About Poole beaches, Dorset
The beautiful coastline of Dorset is dotted by several thriving, busy traditional seaside resorts and is an extremely popular summer destination. Poole is a pretty harbour town, which attracts lots of moneyed yachters, and is also close to some of the UK’s most expensive real estate.
There’s a fabulous Blue Flag sandy beach in the Sandbanks area, 5km (3 miles) southeast of Poole, which has great facilities and is ideal for families. But best is Studland, accessible via ‘chain’ ferry from Poole, thus called because it is pulled along by a chain. You’ll arrive at 5km (3 miles) of white sand, backed by dunes and lapped by blue and turquoise sea.
Beyond the beach:
Christchurch, 17km (11 miles) east along the coast, is more tranquil than Poole, and has a spectacular 11th-century priory, with fantastic views from its 36m (120ft) tower.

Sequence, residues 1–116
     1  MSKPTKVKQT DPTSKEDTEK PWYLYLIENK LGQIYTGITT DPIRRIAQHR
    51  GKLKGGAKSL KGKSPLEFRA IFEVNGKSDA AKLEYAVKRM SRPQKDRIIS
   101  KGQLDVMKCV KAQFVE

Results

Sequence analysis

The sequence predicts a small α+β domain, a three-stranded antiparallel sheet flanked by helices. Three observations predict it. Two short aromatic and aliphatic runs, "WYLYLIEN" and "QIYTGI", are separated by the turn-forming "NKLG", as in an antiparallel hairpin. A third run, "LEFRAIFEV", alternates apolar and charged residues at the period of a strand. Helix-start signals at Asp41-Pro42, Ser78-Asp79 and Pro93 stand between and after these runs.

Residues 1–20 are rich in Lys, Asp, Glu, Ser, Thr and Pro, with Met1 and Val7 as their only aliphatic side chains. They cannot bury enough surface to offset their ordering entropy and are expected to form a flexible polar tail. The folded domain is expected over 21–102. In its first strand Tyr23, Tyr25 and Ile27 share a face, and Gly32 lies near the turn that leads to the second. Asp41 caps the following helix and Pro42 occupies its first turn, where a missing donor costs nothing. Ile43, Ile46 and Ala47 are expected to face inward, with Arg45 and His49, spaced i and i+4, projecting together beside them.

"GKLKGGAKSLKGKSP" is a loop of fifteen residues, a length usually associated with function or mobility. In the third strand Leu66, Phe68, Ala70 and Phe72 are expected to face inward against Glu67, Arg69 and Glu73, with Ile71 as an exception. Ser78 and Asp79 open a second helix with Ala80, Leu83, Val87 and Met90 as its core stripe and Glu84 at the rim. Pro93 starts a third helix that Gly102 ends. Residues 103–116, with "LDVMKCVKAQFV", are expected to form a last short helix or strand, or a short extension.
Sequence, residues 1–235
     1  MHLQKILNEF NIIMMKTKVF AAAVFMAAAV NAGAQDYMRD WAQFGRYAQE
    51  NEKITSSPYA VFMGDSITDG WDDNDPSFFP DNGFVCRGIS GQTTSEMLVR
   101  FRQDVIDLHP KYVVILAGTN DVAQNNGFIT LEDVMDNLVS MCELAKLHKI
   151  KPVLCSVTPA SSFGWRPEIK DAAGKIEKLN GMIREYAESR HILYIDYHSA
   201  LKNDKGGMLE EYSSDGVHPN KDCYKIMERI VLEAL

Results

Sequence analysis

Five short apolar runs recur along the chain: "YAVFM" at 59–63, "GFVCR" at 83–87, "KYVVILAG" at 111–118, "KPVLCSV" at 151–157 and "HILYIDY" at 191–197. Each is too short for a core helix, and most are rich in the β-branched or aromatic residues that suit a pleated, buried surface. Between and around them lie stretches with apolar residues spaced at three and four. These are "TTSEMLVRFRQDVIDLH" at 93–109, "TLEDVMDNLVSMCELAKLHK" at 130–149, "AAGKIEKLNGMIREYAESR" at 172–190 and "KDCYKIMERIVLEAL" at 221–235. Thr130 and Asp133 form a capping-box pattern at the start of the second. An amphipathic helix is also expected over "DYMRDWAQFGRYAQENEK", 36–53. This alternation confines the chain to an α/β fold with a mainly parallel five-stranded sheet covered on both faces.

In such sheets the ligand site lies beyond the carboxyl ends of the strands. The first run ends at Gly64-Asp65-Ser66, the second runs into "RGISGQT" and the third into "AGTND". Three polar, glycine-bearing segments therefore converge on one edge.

Poole has a lovely old quarter, packed with historic medieval buildings. From the quay you can catch a ferry to Brownsea Island, covered in heath and woods, to wander its trails and spot its wildlife (including birds and red squirrels), or take the chain ferry to Studland. On the outskirts of town are the beautiful Compton Acres, with seven themed gardens.
There are opportunities on all the local beaches to take courses in windsurfing and kite-boarding or rent canoes, jet skies and sailing dingies. Horse riding is another option at nearby Studland stables (www.studlandstables.com).
Stay at Poole’s Hotel du Vin (www.hotelduvin.com), set in the 18th-century Mansion House. Rooms are large and lush, with soft and gleaming white linen and the furniture is in keeping with the characterful old mansion in which it is set. Breakfasts are generous and you can dine and wine taste in the brasserie.